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October 27, 2010

what the markets think about the election

I was in a foundation board meeting today, in DC. We heard the usual presentation from investment advisers about the state of the endowment and the future of the markets. Their boilerplate document treats as a positive factor the coalition governments in Britain and Australia and the likely divided government in the US starting in January. Apparently, there will be more checks and balances now, hence more stability and predictability. I presume such thinking helps explain, or justify, why many large investors are backing Republicans.

The coalition government in Britain has actually launched a radical experiment in austerity during a recession that, at best, makes the future there quite unpredictable. Meanwhile, in the US, I fear we will see gridlock that preserves the status quo, which means a long, slow, painful climb out of the hole we're in.

One interpretation: the finance guys are right. Divided government means stability, and that's good for "the economy."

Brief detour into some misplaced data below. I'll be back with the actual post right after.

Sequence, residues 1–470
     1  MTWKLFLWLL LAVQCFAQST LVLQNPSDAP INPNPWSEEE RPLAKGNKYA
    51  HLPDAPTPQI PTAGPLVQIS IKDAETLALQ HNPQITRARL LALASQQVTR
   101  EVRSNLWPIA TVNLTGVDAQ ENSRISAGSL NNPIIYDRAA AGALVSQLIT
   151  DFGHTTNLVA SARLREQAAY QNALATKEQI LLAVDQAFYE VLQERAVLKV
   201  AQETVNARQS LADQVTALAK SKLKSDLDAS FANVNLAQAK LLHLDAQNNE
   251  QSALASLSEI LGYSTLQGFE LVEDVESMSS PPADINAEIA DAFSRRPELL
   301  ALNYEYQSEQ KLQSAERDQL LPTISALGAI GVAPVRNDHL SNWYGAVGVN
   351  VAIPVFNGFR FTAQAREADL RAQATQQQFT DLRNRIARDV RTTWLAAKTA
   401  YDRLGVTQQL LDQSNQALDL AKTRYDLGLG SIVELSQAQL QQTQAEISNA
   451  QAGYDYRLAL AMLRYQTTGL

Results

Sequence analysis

A second interpretation: Republican and Tory victories are good for financial markets but not for most people. Investment advisers know that but don't say it, even to their own clients, for fear of alienating people who might have different values.

A third interpretation: Investment advisers believe exactly what they write, although they are too optimistic about the public benefits of conservative policy. Their sincere but wrong beliefs tell us something about the micro-structure of ideology.

I don't know which is correct, but I do know these folks are advising their clients to invest in "emerging markets." In other words, welcome tax cuts here but outsource your capital to countries with actual growth.

October 27, 2010 6:42 PM | category: none



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